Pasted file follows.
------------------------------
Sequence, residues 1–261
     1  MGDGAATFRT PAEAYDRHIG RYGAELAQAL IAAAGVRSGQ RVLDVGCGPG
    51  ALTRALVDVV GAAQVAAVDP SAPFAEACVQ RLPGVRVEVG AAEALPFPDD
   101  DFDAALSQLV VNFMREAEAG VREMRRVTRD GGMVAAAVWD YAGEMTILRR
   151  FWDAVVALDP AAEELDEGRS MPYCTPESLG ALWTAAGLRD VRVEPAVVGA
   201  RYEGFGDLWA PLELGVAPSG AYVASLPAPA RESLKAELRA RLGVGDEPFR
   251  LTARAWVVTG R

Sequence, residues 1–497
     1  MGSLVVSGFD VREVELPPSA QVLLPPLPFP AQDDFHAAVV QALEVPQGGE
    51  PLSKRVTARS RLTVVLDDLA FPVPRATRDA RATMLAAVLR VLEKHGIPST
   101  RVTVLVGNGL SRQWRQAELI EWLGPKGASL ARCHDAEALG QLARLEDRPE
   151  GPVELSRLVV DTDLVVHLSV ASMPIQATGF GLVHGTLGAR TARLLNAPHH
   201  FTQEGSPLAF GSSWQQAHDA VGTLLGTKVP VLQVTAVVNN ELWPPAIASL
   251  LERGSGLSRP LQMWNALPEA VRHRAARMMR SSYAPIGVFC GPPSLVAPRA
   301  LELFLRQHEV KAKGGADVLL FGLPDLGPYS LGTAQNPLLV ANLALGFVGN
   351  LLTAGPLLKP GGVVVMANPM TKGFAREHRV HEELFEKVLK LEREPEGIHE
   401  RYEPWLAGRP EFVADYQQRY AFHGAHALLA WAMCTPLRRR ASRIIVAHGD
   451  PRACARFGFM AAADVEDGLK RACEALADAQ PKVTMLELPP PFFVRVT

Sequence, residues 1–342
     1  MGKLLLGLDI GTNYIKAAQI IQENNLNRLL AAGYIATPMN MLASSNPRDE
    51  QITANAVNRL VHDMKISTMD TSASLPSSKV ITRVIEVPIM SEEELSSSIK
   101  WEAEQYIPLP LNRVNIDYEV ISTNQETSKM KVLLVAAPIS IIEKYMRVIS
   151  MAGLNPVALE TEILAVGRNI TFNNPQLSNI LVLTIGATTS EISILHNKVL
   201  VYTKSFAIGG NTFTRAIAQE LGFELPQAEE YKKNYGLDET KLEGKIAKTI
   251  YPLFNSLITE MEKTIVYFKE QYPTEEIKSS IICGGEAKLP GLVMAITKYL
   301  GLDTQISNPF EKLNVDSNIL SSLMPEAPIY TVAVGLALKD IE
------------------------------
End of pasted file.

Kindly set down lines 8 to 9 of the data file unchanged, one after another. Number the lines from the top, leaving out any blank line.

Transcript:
Sequence, residues 1–497
     1  MGSLVVSGFD VREVELPPSA QVLLPPLPFP AQDDFHAAVV QALEVPQGGE